In 1789, the U.S. Congress proposed constitutional amendments to express explicitly the rights of individuals that the government was bound to secure; in 1791, the requisite number of states ratified 10 of these amendments, which became part of the U.S. Constitution. Thus, the American Bill of Rights was born. Since then, the American Bill of Rights has been an example and inspiration to people throughout the world who wish to enjoy liberty and equality in a constitutional democracy.

Following the tragedies of World War II, which involved gross abuses by some governments and their armies—Nazi Germany and imperial Japan, for example—against millions of individuals and peoples of the world, there was a worldwide movement in favor of the idea of human rights. The United Nations, an organization of the world’s nation-states established after World War II in order to promote international peace and justice, became a leader in the promotion of human rights throughout the world. In 1948, this international body issued the United Nations Universal Declaration of Human Rights, which is a statement of the rights every human being should have in order to achieve a minimally acceptable quality of life.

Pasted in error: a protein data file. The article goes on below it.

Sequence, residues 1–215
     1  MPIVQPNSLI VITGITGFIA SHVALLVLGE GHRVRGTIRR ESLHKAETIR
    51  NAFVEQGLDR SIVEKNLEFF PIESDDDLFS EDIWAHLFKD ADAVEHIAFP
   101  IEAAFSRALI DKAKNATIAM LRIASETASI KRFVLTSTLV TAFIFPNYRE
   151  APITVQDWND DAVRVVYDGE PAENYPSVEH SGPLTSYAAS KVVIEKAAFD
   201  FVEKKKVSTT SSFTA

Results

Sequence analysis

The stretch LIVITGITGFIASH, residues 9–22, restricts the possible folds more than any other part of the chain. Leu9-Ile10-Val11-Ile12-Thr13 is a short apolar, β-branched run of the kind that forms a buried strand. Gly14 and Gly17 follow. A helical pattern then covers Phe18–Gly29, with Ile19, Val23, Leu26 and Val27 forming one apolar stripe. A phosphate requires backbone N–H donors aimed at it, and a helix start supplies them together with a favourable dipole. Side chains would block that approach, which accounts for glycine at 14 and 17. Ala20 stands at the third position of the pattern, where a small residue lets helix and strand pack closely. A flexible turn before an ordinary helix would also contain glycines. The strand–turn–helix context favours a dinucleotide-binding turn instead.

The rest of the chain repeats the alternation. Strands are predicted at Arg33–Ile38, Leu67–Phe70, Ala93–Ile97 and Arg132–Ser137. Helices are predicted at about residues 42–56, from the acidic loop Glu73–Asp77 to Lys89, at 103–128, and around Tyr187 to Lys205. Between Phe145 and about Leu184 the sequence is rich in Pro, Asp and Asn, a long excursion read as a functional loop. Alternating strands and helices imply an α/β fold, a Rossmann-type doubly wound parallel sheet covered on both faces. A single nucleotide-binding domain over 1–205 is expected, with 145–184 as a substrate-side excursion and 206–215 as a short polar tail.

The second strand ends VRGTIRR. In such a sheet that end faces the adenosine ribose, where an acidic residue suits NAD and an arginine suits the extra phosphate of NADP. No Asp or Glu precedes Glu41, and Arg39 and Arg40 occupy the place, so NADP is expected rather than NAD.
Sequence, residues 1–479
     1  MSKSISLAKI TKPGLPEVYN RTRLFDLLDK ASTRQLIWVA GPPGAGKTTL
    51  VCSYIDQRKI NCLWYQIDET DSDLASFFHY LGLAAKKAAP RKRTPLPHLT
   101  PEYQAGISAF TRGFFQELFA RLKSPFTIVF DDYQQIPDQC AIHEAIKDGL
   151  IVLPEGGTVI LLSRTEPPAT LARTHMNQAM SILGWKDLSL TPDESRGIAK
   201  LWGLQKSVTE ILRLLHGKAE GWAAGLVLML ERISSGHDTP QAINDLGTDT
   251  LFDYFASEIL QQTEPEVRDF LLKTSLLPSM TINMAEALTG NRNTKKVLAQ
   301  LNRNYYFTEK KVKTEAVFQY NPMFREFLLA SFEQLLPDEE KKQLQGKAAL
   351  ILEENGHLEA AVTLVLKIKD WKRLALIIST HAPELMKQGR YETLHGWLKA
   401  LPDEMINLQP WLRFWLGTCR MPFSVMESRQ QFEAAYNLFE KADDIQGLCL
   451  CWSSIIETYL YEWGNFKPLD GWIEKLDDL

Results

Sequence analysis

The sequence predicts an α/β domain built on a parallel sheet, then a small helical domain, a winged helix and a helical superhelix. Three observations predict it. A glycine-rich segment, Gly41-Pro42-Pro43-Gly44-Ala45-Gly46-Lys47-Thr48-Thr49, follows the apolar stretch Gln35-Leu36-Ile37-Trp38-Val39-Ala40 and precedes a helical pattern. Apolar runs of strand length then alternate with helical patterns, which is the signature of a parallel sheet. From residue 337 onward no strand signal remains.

Its first article says, “All human beings are born free and equal in dignity and rights. They are endowed with reason and conscience and should act toward one another in a spirit of brotherhood.” Article 2 continues, “Everyone is entitled to all the rights and freedoms set forth in this Declaration, without distinction of any kind, such as race, color, sex, language, religion, political or other opinion, national or social origin, property, birth or other status.” The remainder of the document details the human rights that ideally should be enjoyed by each person in the world.